Zendo Deb said...

I shopped at Wal-mart when I was in either the upper-middle or lower-upper economic class. I was certainly in the top few percent of wage earners...

Frugality isn't bad. If you read enough investment books sooner or later they get around to "save money." Why would you want to pay extra for toothpaste for example? Does Crest for Snooty-Designs-'R-Us taste better than Crest from Wal-mart? Or Sam's Club?

Cheap toothpaste... brand name. Cheap paper towels... brand name.
Cheap microwaves - unless you want a 400 dollar high-class under-cabinet mount, in which case the cheapest source is Home Depot, not Wal-mart. They don't carry Sub-Zero, or Viking, but you can get GE's top-of-the-line brand, Profile. And unless you are spending 150,000 or more on your kitchen, you really don't need Viking. And Stainless may look good in the magazine, but it is hard to live with, is very cold and institutional, and not really worth the extra expense.

Or you can go to Kuraltian boutique and get the exact same counter-top microwave for about 45% more money. Hell you will pay 15 or 20 percent more at just about any other store. If being economically stupid makes you feel superior, well then you are welcome to the feeling. Just don't expect me to concede that "stupid behavior" (like paying too much for staples) equates to "superior intellect."

I have said time and again, that most people who believe they are oh so smart, are mostly just faking it, especially when it comes to money. The glitterati all have 401-K's, but most would be wiped out if the company they worked for went belly-up like Enron, or Wang Labs, or Digital, or... any of the other companies for which taps have been blown. (Most don't know what the "Buy-Write" strategy is, can't articulate what the criterial for selling a stock in their portfoilo would be, can't read a balance sheet, statement of cash flows, or income statement, etc. etc. But they will still try to convince you they are oh such great investors.)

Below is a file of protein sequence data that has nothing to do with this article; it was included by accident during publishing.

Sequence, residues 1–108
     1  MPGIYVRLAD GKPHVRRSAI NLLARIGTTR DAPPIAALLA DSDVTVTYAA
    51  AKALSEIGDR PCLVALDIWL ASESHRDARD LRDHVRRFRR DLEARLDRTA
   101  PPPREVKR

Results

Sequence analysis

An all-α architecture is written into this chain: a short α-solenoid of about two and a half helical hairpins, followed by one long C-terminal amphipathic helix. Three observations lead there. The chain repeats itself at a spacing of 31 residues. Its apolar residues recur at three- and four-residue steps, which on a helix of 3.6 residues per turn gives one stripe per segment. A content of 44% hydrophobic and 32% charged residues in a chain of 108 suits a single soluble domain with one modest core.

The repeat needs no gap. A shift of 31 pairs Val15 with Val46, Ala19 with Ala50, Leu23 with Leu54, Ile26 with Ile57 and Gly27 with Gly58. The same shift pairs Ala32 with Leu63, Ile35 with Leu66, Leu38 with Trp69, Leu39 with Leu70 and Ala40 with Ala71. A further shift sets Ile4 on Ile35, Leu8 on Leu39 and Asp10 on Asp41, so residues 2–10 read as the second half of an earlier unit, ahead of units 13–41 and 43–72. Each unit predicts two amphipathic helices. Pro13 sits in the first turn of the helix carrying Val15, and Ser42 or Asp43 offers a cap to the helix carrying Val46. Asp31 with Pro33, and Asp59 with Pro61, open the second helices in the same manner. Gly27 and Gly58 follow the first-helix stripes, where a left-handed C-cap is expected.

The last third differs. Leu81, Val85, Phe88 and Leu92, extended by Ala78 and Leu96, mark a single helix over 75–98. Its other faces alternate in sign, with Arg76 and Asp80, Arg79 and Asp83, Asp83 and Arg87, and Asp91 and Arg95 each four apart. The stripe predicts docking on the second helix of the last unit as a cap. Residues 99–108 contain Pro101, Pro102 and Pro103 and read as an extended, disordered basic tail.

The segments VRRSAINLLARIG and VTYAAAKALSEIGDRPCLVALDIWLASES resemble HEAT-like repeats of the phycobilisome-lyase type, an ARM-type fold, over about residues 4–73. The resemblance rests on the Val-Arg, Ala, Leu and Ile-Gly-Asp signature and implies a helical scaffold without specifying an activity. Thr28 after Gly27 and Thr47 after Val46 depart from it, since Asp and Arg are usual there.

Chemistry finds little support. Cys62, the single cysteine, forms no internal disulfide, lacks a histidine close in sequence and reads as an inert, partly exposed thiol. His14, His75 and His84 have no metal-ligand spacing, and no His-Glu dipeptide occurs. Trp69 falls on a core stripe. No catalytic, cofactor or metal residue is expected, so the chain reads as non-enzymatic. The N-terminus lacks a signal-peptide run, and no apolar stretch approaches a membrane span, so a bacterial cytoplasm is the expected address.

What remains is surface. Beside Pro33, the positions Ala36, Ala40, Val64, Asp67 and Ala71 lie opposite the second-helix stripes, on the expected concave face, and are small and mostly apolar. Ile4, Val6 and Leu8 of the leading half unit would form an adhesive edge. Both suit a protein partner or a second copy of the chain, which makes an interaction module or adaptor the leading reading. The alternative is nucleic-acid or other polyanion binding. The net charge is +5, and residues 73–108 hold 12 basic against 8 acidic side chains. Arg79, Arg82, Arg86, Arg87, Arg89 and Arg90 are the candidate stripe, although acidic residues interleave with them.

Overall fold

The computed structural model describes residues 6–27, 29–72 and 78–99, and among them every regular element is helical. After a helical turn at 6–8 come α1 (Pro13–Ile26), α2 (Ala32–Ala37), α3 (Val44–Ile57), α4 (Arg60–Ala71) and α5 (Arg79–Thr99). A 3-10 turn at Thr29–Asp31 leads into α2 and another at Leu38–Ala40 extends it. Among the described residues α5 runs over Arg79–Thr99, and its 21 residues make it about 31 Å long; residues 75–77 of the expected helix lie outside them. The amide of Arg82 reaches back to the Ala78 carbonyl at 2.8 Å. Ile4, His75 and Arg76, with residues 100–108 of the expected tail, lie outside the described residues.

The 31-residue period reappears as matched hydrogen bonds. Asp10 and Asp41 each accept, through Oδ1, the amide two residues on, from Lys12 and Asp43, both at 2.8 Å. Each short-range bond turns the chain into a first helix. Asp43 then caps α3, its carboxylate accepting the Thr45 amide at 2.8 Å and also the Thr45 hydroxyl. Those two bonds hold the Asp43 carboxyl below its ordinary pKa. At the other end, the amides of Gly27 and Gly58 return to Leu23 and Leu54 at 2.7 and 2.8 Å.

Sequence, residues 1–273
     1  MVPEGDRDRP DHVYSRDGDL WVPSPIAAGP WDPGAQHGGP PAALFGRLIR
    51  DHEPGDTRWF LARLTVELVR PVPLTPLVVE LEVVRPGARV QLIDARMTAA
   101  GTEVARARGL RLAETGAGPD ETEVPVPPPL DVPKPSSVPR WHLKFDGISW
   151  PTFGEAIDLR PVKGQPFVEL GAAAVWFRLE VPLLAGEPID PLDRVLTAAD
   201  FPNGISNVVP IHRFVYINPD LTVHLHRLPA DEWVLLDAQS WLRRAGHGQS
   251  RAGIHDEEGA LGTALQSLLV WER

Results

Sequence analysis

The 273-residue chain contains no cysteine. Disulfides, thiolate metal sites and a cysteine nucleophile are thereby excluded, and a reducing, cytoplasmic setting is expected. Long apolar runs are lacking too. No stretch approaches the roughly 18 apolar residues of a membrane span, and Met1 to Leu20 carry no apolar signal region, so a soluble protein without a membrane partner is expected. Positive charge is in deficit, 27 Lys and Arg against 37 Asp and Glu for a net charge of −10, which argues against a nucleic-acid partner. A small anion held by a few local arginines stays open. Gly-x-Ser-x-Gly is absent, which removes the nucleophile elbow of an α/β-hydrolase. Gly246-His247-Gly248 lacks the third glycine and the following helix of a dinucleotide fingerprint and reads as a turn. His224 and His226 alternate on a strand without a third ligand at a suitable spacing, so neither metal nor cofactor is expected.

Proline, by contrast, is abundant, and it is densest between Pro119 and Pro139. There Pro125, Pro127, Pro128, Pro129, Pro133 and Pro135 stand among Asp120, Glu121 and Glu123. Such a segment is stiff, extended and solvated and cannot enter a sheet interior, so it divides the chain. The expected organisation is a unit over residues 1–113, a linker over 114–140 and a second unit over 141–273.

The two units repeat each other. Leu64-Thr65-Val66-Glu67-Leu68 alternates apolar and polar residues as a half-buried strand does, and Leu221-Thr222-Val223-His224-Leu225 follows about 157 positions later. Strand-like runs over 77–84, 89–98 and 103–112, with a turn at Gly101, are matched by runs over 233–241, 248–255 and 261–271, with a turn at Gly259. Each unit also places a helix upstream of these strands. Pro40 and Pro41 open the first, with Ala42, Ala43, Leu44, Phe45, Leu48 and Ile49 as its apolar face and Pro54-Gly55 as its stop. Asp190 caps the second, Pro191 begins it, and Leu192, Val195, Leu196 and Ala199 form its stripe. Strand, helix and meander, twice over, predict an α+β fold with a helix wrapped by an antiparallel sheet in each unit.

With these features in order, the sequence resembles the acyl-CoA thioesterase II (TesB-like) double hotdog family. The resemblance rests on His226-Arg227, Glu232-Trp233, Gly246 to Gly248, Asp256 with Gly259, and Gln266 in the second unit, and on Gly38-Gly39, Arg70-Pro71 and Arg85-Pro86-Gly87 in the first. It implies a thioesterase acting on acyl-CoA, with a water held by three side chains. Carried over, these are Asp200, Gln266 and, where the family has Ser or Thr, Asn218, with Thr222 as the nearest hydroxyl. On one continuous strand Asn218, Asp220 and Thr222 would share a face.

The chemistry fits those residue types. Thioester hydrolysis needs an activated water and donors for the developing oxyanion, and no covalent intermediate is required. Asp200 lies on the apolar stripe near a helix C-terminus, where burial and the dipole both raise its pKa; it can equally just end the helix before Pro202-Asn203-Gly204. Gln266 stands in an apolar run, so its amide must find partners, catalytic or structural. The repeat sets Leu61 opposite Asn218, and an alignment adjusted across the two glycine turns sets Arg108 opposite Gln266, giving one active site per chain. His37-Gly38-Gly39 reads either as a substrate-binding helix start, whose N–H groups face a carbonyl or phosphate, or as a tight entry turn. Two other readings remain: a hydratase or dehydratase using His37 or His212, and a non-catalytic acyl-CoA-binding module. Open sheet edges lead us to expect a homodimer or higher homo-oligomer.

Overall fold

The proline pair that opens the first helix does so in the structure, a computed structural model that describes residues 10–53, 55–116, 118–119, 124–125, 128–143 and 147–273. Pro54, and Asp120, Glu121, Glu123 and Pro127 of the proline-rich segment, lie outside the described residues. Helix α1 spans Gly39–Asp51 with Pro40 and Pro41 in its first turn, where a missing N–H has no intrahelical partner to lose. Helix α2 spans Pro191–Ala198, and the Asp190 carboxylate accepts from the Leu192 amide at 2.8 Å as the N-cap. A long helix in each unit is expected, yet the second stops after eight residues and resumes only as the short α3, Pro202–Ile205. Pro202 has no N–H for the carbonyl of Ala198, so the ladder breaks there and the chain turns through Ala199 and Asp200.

Though the dot-com crash took the wind out of most of their sails.

Sage said...

Okay, you just have to read, No One Makes You Shop at Wal-Mart by Tom Slee if you haven't already. I just finished it and think it's brilliant. It's given me some solid arguments to back up my from-the-gut opinions. See more here.

Darleen said...

sage, from your link

why individual choice fails to give us what we want, and why we need to rely on collective action rather than individual choice to take us to where we want to be.

I'm in awe of such an assinine premise! Tell me, is the rest of the book more of the "WE know better than you, just leave all your decisions to us" collectivist nonsense I've encountered from every socialist or anarchist paper I've ever read?

ilyka said...

It doesn't sound like a premise that would exactly warm the cockles of my heart, no, but then without having actually read it I can't say for certain. In any event, can we take the tone down a little? Sage only recommended a book; she didn't nationalize amazon.com in the name of The People.

Mark S. said...


BTW if you turn Charles Kuralt's name into an adjective, which I would never advocate anyone do but IF, should you capitalize the resulting adjective?


You should just not do it the first place. Here are some other adjectives that should never be coined: Brokowian, Steve Croftian, and Mark Russellesque.

ilyka said...

What about Charlie Roseaceous?

belledame222 said...

grannyvibe had a great post wrt right-on upper-middle urban types who sneer at Walmart and its shoppers and pat themselves on the back for it as well.

my own philosophy is: you do what you gotta do.

awareness is good, sure. you can't even begin to think about truly making choices until you're aware of let's say the bigger picture as well as your own place in it. (and your own inner baggage as well). i do believe that, more or less.

but while that may be necessary, it ain't sufficient.

and all your brownie points for 'awareness' kind of are cancelled out by "myopic smugness." sorry, d00d.

per deep fryer: best friend has been yearning for one for ages. his partner and i have been harshing his mellow a bit on this front, i must say. "no, _____! don't do it! you have so much to live for!..."

and he's all, yeah, like a DEEP FRYER and DEEP FRIED FOOD LIKE WHAT I EAT BACK HOME.

nannyism indeed...

well at least his partner has the excuse that he'd be eating it as well, no doubt.